Hopefully in the future we will be able to reconstruct both types of rings and compare their properties of weight and resistance to cuts, thrust etc. The results of such tests can shed light on the properties of various types of rings and why strip wire rings was chosen for these chausses.
As mentioned above, mail chausses appear to be the ubiquitous leg defence throughout most of the Medieval period and are thereafter in the late Medieval period seemingly often used together with the plate armour of the time. In conjunction with leg plates, the role of mail chausses became to be to primarily protect the openings in the plate armour, mainly the groin and the back of the knee. In the clash of pike formations of the late 15th century, incoming pike thrusts might easily ricochet off thigh plates and into the groin where important arteries are located. Late medieval fencing treatises feature a large degree of plate-armoured knights grappling for supremacy with or without daggers (fig. 7a-b). It should be obvious why complete coverage of the groin by mail would have been desirable under such circumstances.
Biringuccio, V., 1990 . The Pirotechnia of Vannoccio Biringuccio: The Classic Sixteenth Century Treatise on Metals and Metallurgy. Translated and edited by C. S. Smith & M. T. Gnudi. New York: Dover.
Eyb Kriegsbuch (MS B.26). Wiktenauer: A HEMA Alliance Project. Accessed: 23 March 2015. Available at: http://wiktenauer.com/wiki/Eyb_Kriegsbuch_%28MS_B.26%29.
Paulus Kal Fechtbuch (MS Chart.B.1021), Wiktenauer: A HEMA Alliance Project. Accessed: 23 March 2015. Available at: http://wiktenauer.com/wiki/Paulus_Kal_Fechtbuch_%28MS_Chart.B.1021%29.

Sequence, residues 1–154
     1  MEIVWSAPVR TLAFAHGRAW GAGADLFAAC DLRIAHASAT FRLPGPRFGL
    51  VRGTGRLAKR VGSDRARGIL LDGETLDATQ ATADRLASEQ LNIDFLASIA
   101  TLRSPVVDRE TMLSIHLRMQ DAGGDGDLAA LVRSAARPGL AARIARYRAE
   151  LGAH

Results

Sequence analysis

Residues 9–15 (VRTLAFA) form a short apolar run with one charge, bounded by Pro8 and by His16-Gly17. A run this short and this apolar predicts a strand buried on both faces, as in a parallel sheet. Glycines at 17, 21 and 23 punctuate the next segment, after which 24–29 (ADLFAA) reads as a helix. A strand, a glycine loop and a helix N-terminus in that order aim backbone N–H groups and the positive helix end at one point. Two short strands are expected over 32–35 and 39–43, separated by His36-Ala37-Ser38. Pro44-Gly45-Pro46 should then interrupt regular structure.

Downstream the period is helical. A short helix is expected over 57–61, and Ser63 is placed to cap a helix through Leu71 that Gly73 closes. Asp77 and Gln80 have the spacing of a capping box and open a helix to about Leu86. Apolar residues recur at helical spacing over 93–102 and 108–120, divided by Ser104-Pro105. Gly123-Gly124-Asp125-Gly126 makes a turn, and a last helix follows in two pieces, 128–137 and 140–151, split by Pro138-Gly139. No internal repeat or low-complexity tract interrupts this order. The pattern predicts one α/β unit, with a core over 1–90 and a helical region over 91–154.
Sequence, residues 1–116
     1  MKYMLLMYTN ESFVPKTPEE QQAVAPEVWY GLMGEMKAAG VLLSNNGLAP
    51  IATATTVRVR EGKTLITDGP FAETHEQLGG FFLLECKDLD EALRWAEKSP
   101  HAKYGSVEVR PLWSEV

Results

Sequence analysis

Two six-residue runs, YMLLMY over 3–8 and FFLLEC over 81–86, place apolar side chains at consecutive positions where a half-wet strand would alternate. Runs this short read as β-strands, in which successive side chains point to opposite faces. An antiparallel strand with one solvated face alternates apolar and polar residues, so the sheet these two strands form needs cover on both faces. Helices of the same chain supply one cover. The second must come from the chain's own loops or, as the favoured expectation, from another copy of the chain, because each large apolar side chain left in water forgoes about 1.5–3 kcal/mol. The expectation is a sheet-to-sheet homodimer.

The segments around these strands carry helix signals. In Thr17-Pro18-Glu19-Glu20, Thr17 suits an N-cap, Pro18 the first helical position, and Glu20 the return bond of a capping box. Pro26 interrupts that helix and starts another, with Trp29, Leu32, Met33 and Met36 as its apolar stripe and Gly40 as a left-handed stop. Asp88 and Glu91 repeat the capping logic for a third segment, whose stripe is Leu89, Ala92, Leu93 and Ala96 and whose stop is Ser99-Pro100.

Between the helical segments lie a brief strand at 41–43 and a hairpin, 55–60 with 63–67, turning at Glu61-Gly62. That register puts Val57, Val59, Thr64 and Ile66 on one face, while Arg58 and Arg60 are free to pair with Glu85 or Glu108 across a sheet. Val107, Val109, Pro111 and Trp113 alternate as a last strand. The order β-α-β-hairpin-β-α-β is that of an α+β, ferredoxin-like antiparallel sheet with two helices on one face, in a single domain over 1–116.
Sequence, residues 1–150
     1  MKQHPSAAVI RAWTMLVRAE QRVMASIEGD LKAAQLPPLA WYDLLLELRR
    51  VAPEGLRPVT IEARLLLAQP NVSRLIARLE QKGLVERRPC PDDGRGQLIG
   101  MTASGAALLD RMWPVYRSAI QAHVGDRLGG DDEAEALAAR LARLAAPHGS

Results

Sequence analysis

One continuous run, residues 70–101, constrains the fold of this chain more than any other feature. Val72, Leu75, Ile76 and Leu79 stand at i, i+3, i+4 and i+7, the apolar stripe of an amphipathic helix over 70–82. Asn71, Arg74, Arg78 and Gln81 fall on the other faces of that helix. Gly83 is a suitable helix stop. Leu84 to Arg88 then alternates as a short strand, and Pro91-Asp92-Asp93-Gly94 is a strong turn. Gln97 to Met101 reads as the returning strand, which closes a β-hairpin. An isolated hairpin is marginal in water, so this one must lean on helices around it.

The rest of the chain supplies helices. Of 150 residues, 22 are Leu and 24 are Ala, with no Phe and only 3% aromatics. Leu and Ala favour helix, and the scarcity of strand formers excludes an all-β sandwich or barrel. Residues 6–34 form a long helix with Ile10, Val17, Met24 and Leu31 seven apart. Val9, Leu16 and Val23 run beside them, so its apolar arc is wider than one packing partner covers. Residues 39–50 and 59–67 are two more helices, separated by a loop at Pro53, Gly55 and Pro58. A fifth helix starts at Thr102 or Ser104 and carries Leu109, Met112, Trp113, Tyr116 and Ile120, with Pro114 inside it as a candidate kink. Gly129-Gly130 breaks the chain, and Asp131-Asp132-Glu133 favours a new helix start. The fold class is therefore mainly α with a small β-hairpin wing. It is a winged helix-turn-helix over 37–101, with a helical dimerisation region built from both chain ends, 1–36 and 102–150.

Smith, C.S. 1960. Methods of Making Chain Mail (14th to 18th Centuries): A Metallographic Note. Technology and Culture, I (1): 60-73.
Solothurner Fechtbuch (Cod.S.554). Wiktenauer: A HEMA Alliance Project. Accessed: 23 March 2015. Available at: http://wiktenauer.com/wiki/Solothurner_Fechtbuch_%28Cod.S.554%29.
Thun Sketchbook. Wiktenauer: A HEMA Alliance Project. Accessed: 24 March 2015. Available at: https://www.facebook.com/media/set/?set=a.811316932229360.1073741830.174888115872248.
Vike, V. 2000. Brynjevev – metallografisk analyse av brynjemateriale ved Oldsaksamlingen i Oslo. Oslo: Universitetet i Oslo, Det Historisk-filosofisk fakultet-IAKK, Avdeling for konserveringsstudier.
Williams, A.R. 1980. The manufacture of mail in medieval Europe: a technical note. Gladius XV: 105-134.
Thun Sketchbook (Cod. GK 11.572-B, Uměleckoprůmyslové museum v Praze).
Paulus Kal Fechtbuch (Gotha version) (MS Chart.B.1021).
Paulus Kal Fechtbuch (Solothurner version) (Cod.S.554).
De la pirotechnia – Vannoccio Biringuccio, Original Edition.
Eyb Kriegsbuch (MS B.26).
To learn more about Combat Archaeology Click Here.
Dan True is a software engineer from the Technical University of Denmark, with a profound interest in historical combat and metallurgy. Dan is also a reenactor, a blacksmith and has studied medieval martial arts for five years. His main focus of interest is on how historical combat interacts with the technology of arms, armour and resource production of their historical context. In the future, Dan will strive to perform accurate reproduction and scientifically sound testing of historical arms & armour.